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Good News Is, They're Gone

September 17, 2003

In the last days of the state legislative session, Democrats pulled off a miracle: They made the Republicans look good. Democrats' frenzy in the last few weeks to pass every pet bill and get it to Gov. Gray Davis while he's under recall pressure made Republicans' lockjawed obstructionism on fixing the budget shortfall fade from memory.

Senate President Pro Tem John Burton (D-San Francisco) pushed such ill-timed and dubious legislation as SB 18, a fuzzily written bill to protect Native American sacred sites by preventing development for miles around, and SB 2, which would require employers, even small employers, to provide health insurance for their workers. The sacred sites bill failed. The health measure passed, and struggling businesses can only hope Davis musters the will to veto it.

Although Democrats needed GOP votes to pass a budget and any tax bill, both requiring two-thirds approval, they could muscle other bills through on bare majority votes. Assembly Republican Leader Dave Cox of Fair Oaks complained of "one-party rule" and "an arrogance of power," not mentioning that Republicans enjoy a similar advantage in Washington.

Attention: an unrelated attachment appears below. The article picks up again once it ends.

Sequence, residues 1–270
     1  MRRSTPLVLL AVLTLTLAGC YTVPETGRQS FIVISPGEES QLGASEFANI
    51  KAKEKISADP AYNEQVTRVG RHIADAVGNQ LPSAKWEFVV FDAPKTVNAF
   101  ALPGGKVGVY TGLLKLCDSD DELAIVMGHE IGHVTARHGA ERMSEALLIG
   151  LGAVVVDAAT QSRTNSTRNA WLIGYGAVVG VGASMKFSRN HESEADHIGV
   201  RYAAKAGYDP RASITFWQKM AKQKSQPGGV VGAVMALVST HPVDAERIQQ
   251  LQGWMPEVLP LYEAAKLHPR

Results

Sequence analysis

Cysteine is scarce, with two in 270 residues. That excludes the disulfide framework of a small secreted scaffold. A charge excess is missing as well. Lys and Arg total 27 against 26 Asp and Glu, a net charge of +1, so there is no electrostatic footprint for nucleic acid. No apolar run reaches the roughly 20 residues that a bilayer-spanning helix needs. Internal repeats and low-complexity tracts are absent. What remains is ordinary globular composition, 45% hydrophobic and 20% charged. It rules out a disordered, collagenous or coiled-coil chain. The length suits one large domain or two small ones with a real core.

Democrats were abetted by Davis' attempt to cement support from the Democratic voter base by offering to sign almost anything they sent to him. That included SB 60, a measure to allow illegal immigrants to obtain California driver's licenses. Davis had vetoed similar bills in past years because they did not have adequate security provisions. SB 60 was even more lenient, in terms of checking identity and criminal record, than what Davis had opposed before.

The Legislature still did pass some significant and necessary legislation, including a partial reform of the workers' compensation system and the nation's most far-reaching financial privacy legislation. Lawmakers also approved helpful environmental bills, including one that applies clean-air standards to farm operations for the first time. Two others strengthen protections for the Ballona Wetlands.

Otherwise, the good news is that the Legislature has left Sacramento. Unfortunately, the same group, with its ideological baggage and bitterness, will be back within four months.

With the turmoil of the recall and the 2004 regular election campaign, legislative leaders will be challenged to control partisan frenzy and encourage a more cooperative atmosphere in Sacramento.

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